Why photo-sharing companies never seem to be able to make a go of it

Leading off an article on The Verge about the increasing rate at which photo-sharing startups are flaming out, we have this bit about Picturelife CEO Nate Westheimer, who had previously wooed customers of the soon-to-be defunct Everpix by touting his own company's rosy prospects:

But just a few months later, Westheimer acknowledged the difficult economics of storage-based businesses. Like Everpix, Picturelife’s millions of photos were stored on Amazon Web Services servers — and its costs were growing quickly. "Picturelife, a relatively nascent company, will pay Amazon over $1 million just this year," Westheimer wrote. "The way I see it, it’s a million dollars standing in the way of thriving and sending them even more money in the future."

Westheimer’s post was prescient. On Thursday, he sold Picturelife to digital media hub Streamnation for an undisclosed sum. All but two of the company’s eight employees, Westheimer included, will leave the company. And while Picturelife will continue to operate, its failure to remain independent is telling: it may be simply impossible to build a standalone billion-dollar business based around storing people’s photos. "This isn’t a product like Snapchat; it doesn’t take off overnight," Westheimer told me. "So you need that financial durability in the early years, while you’re still building your customer base."

The article goes on at some length about the paradox that while the photo-sharing business seems ripe for innovation due to the generally lackluster offerings of the major players, no one else seems to be able to make a go of it. The author never really comes to any sort of conclusion.

The clue is contained, I think, in the excerpt above, as well as in this paragraph that comes toward the end:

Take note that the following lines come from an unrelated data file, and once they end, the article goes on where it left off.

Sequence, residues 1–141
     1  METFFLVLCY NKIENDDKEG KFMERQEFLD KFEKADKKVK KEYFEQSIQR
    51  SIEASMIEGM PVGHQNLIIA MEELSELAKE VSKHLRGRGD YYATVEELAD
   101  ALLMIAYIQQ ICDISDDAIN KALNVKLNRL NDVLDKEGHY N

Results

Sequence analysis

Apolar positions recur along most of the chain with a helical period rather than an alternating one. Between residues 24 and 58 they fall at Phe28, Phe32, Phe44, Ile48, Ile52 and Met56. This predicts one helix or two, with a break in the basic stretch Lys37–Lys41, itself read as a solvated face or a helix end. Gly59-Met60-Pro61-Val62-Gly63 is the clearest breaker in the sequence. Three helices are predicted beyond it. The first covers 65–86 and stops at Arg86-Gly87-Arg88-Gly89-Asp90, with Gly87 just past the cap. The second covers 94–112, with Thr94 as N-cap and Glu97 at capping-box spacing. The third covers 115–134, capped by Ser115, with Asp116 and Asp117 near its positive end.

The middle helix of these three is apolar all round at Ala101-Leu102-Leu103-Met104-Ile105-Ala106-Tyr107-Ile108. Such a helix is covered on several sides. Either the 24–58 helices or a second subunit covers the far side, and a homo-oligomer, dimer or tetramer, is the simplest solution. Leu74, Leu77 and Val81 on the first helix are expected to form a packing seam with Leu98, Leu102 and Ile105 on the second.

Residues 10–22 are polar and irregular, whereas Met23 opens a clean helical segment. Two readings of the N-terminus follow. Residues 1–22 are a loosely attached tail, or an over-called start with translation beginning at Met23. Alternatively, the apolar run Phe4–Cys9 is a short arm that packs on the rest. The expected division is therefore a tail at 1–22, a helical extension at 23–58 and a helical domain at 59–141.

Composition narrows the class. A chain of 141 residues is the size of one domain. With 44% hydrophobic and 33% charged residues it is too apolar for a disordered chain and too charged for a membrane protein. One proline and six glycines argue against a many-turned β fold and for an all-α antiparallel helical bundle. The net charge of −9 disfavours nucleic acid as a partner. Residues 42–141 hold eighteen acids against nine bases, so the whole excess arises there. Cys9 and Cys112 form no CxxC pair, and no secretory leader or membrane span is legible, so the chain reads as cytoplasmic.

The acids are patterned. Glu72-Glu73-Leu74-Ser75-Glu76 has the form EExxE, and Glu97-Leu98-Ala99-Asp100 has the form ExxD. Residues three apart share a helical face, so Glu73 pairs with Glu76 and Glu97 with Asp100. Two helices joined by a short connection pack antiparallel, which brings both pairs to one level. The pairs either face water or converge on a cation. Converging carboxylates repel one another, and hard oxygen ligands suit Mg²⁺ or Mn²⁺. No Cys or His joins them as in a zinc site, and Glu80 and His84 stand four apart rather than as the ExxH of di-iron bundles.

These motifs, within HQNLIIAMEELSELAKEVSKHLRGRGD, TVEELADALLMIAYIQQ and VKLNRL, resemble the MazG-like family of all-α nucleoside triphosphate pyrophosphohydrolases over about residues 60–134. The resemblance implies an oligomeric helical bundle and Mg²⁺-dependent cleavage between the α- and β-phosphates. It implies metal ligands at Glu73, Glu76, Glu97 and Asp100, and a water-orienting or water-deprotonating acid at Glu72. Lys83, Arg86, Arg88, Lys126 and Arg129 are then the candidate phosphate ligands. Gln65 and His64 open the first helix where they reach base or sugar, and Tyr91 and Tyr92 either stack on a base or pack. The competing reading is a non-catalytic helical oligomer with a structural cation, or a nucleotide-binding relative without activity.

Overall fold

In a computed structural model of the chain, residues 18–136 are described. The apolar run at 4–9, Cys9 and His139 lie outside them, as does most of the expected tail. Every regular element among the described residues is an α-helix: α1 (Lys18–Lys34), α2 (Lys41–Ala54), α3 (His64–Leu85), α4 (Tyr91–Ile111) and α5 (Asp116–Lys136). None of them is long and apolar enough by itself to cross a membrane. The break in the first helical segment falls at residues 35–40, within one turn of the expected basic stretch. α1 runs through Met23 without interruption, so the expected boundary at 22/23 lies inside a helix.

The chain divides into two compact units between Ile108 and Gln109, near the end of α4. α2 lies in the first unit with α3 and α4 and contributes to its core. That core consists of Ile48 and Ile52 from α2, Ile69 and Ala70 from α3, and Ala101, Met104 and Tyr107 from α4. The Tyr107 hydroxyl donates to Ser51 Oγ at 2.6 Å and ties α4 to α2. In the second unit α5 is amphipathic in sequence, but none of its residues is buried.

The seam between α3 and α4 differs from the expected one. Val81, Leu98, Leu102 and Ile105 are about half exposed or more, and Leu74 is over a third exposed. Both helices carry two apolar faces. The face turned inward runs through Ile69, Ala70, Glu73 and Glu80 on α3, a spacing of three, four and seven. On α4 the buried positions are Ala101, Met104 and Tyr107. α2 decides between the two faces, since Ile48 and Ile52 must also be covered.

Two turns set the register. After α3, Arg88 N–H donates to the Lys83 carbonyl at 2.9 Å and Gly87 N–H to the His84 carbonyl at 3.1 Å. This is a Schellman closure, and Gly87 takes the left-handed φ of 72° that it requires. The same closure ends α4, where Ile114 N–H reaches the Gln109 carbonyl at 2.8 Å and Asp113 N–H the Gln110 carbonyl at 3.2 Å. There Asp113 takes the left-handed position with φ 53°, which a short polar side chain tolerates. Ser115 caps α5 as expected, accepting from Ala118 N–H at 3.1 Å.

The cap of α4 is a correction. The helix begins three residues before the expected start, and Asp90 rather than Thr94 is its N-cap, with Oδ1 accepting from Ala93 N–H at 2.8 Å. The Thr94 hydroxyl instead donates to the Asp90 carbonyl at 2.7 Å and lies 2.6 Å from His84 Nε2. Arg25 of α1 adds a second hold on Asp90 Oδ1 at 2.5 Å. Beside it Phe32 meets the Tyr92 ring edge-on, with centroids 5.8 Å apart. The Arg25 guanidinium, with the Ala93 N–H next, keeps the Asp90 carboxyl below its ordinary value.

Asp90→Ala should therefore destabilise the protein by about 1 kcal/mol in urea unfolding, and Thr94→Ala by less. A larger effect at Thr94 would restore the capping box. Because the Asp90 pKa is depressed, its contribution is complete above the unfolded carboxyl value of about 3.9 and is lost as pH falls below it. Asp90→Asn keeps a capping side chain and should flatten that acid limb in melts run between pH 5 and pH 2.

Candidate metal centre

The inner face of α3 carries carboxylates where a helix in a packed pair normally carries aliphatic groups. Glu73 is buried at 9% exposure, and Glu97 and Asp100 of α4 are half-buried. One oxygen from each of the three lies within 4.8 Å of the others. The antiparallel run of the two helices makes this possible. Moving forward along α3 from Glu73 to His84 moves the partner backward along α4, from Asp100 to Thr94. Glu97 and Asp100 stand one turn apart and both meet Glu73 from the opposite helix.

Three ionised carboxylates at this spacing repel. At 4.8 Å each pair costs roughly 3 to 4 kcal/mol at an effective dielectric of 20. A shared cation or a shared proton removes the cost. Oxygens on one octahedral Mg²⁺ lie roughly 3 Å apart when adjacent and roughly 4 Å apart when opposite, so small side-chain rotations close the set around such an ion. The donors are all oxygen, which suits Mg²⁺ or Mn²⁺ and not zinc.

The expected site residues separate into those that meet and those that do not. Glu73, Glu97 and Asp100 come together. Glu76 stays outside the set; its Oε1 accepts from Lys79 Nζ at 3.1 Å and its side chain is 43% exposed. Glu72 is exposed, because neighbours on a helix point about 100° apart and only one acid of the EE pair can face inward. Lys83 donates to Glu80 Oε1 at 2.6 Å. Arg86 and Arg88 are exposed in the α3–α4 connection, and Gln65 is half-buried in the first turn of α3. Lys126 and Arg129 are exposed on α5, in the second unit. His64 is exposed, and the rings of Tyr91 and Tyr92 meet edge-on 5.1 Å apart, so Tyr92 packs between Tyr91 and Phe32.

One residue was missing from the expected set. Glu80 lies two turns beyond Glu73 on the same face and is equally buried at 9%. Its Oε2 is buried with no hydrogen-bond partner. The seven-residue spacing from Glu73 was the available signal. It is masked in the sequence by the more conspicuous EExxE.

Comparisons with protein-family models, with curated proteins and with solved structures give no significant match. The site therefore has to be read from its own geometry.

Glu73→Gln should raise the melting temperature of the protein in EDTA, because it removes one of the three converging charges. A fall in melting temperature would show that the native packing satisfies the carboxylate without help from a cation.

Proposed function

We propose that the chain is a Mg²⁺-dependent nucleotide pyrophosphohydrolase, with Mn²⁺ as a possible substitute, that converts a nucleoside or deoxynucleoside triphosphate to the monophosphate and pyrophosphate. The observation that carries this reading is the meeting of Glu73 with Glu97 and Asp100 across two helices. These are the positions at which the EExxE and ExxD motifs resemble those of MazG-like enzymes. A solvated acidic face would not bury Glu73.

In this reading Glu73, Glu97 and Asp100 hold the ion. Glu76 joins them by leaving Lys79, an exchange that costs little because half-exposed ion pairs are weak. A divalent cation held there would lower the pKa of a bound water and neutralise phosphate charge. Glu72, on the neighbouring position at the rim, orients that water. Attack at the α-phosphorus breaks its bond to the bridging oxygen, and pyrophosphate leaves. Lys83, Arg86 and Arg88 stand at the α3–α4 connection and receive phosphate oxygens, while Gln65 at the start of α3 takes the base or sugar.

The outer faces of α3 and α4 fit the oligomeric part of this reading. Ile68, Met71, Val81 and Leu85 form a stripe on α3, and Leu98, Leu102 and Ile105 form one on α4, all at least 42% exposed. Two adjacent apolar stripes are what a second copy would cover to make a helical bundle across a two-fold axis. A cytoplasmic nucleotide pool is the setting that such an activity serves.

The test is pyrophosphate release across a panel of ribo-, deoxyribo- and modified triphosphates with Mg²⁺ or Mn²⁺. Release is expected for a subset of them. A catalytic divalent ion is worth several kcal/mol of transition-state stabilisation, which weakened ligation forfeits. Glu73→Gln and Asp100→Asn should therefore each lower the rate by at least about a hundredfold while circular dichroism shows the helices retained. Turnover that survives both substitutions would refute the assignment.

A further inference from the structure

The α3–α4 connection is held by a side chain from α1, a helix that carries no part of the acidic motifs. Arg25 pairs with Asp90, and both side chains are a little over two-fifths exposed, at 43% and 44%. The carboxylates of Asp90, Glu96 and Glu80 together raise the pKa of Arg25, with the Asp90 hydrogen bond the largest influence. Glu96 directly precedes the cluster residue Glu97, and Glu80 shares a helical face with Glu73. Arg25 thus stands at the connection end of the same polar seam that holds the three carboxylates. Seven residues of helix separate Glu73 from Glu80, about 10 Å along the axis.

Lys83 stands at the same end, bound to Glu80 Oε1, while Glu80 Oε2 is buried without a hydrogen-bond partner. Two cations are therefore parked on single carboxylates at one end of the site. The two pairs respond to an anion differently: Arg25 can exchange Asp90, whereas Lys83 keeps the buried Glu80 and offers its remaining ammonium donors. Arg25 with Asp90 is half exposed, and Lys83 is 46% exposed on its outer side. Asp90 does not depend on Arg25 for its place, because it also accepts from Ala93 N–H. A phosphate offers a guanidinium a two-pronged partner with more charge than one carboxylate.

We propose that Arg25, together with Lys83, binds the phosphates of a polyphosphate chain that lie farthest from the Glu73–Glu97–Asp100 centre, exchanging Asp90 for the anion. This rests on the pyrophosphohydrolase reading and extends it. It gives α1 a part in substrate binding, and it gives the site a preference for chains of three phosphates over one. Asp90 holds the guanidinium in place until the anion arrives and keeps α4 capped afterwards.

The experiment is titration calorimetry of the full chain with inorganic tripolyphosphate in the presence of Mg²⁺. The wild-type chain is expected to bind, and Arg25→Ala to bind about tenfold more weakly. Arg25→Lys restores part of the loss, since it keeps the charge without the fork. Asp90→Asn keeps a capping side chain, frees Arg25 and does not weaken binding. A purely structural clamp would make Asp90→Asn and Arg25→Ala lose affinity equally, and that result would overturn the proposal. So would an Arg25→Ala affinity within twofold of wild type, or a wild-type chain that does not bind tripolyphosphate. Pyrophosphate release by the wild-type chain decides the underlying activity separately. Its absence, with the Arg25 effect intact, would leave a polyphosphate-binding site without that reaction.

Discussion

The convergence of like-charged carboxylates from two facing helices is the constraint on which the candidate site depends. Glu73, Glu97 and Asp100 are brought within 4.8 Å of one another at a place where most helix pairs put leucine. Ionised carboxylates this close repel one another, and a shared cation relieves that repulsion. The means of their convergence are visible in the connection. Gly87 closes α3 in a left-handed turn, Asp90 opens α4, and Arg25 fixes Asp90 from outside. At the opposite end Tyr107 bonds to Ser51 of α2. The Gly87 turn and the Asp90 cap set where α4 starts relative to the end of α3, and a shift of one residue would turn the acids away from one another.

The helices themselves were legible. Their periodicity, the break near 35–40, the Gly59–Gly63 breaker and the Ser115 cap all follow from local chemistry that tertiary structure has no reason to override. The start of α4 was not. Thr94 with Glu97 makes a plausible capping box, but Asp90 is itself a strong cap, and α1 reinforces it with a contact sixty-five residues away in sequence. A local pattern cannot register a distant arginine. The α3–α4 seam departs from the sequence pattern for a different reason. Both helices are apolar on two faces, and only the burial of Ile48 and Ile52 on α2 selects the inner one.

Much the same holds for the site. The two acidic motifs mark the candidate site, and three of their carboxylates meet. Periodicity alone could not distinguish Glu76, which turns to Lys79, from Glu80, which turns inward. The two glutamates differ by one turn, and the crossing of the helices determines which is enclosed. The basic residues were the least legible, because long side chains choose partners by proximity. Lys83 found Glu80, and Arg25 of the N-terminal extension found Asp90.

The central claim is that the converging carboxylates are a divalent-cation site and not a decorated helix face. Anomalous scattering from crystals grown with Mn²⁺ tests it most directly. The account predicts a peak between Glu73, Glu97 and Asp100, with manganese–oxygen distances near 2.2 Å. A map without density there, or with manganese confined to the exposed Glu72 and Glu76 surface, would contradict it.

Perhaps more importantly, StreamNation is storing content on its own servers: a more difficult proposition than AWS, but apparently a much cheaper one. "Today Picturelife on Amazon is a huge monthly loss," Benassaya says. "Today PIcturelife, on our platform, is generating margin. And this is how you transform, just by making the right technological choice from the beginning." Picturelife will be six times cheaper to host on StreamNation’s own servers than it was on AWS, Benassaya says.

I am a big fan of Amazon Web Services. They encourage the use of architecture and infrastructure design patterns that can be highly scalable and resilient, and they allow companies to get off the ground without first spending a ton of cash building out a data center.

In the case of these photo-sharing apps, though, building all your stuff on AWS is basically a recipe for financial ruin.

S3 storage is remarkably cheap as storage goes, but it's not free. More importantly, because you are paying for a service (not purchasing physical assets like servers and storage arrays), you can't capitalize those costs over the lifespan of the asset.

More importantly still, the big cost advantage of using Amazon's services is that because you can rapidly deploy and tear down infrastructure, you don't have to build out all the stuff you will need to support peak usage of your product and then let it sit there idling at 2% utilization the rest of the time. For a photo-sharing service, I would imagine there is a bit of oscillation at the compute tier around holidays and vacation times (i.e., the times when people are most likely to be uploading and sharing photos), but mostly what you have is an ever-growing storage tier.

In other words, your hosting costs are just going to keep going up, and your accountants don't get to spread those costs out over the span of three to five years. They hit your bottom line every time the AWS bill arrives in the mail.

Is it any wonder that companies for whom this is their primary business keep going broke?

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